NOW Sues Anti-Abortionists Over Clinic Bombings Desk: SUB 12th graf, bgng: Ms. Andrews, with 2 new grafs to add comment
WASHINGTON (AP) _ The National Organization for Women said Tuesday it has filed a lawsuit against three prominent anti-abortion activists to try to stop what it called ″a reign of terror″ against abortion clinics.
The announcement came just hours after a pipe bomb ripped though an abortion clinic in Wichita, Kan., the latest act of violence in an escalating war over the emotional issue.
The class-action lawsuit, filed Monday in Wilmington, Del., claims the anti-abortion leaders violate federal antitrust laws by inciting their followers to harass and intimidate abortion clinics out of business.
″These fanatics have instituted a reign of terror against women nationwide,″ NOW President Eleanor Cutri Smeal said at a news conference. ″They have used illegal violent tactics to close clinics, including smashing medical equipment, invading clinics and intimidating patients and medical staff.
″This is clearly a nationwide criminal conspiracy, which the federal government has refused to treat as such.″
The Justice Department has declined to investigate abortion-related violence, saying there is no nationwide link to the 34 bombings and 27 arsons at abortion facilities recorded since 1977 by the National Abortion Federation. The federation counted 45 acts of violence in 1982, 54 in 1983, 173 in 1984 and 224 in 1985. The acts ranged from death threats to vandalism to bombings.
The Wichita bombing occurred late Monday night. No one was injured. ″People have certainly said they would shut us down,″ the clinic’s physician, George Tiller, said.
Anti-abortion activists have disavowed any connection to the nationwide violence.
The three defendants, whom Ms. Smeal called ″terrorists,″ are Joe Scheidler of Chicago, Joan Andrews of Newark, Del., and John Patrick Ryan of St. Louis. Also named in the suit are Scheidler’s Pro-Life Action League and Ryan’s Pro-Life Direct Action League.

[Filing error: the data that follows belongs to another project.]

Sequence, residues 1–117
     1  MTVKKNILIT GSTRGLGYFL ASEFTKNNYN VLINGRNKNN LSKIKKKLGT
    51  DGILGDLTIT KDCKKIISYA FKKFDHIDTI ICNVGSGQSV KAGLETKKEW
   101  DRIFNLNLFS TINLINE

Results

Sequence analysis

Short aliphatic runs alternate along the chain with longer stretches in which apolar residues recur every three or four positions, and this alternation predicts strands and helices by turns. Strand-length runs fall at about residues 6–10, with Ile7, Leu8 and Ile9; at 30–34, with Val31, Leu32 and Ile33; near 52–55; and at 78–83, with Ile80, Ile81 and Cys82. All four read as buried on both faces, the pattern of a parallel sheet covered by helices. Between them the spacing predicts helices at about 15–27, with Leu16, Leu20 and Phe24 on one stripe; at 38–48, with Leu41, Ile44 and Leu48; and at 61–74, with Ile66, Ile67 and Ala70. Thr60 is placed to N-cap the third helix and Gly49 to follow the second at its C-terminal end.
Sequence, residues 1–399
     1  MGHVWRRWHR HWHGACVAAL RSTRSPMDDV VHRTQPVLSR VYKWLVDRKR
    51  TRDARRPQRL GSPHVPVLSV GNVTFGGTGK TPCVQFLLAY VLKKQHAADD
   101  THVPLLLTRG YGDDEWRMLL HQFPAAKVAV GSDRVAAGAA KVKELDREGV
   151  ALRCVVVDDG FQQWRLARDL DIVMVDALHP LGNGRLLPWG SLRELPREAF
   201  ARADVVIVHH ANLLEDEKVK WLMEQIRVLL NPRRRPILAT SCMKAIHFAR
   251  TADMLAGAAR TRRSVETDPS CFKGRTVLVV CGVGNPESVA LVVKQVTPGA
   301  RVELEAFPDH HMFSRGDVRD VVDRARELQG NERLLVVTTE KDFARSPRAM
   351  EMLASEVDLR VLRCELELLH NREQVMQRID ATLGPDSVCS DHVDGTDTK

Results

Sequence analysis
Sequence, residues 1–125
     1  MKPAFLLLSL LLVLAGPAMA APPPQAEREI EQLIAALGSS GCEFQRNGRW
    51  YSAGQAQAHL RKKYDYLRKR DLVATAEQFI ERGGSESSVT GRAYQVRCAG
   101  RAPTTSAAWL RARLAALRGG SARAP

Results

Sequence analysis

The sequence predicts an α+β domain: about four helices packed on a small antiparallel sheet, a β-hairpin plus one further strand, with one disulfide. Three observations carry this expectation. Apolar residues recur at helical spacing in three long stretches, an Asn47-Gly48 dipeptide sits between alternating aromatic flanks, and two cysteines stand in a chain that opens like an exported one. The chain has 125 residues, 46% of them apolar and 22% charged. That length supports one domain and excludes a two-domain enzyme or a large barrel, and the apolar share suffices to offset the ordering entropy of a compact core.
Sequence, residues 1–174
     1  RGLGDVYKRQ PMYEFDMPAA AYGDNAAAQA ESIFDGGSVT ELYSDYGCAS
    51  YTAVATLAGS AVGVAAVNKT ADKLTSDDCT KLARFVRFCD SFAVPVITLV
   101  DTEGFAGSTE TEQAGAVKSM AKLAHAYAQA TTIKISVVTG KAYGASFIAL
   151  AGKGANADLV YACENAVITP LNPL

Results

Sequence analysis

Scheidler, picketing an abortion conference in Kansas City, issued a statement saying the NOW lawsuit ″is part of a pro-abortion conspiracy to harass the pro-life movement. It will not slow down our efforts. We will simply increase our activities until every unborn child regains his right to life.″
″It’s a witchhunt,″ Ryan said. ″It’s meant to intimidate us, to harass us, to tie us up in court. They admit they’ve not been able to stop us at the local level. I think that’s a tribute to the local activists all over the country. People are sick and tired of these abortionists killing babies in their communities.″
Ms. Andrews, who is in jail in Pensacola, Fla., awaiting trial later this month in connection with a violent anti-abortion demonstration there in March, said lawsuits won’t stop her.
″What they would have to do is put us in jail for the rest of our lives or until the killing stops,″ she said.
″These three are national leaders,″ Ms. Smeal said. ″We know these organizations are spearheading the day-in, day-out harassment campaign.″
The lawsuit seeks a federal court injunction to prevent the three from ″driving women’s health centers that perform abortions out of business through a pattern of concerted, unlawful activity.″
″Since at least 1984, the defendants have agreed and conspired among themselves and with others to drive every clinic ... out of business,″ it said.
The Southern Poverty Law Center of Montgomery, Ala., is representing NOW and two clinics - the Pensacola Ladies Center and the Delaware Women’s Health Organization - in the lawsuit.
The suit was filed in Delaware because it is ″the spot Mr. Scheidler has declared will be the first state to be free of abortions,″ attorney Richard Cohen said.
The unusual antitrust approach is being patterned after a successful SPLC lawsuit that in 1982 protected Vietnamese fishermen in Texas against the Ku Klux Klan’s attempts to drive them out of business.
Ms. Smeal said NOW decided to take nationwide action against the three activists named in the suit because they travel the country stirring up abortion opponents. She said if they are arrested at a particular demonstration, they simply post bail or pay a fine, and move on to another city.
Ryan said he has been arrested almost 350 times, all for misdemeanor or lesser violations; Scheidler’s organization said he has been arrested six times; NOW said Ms. Andrews has been arrested more than 100 times.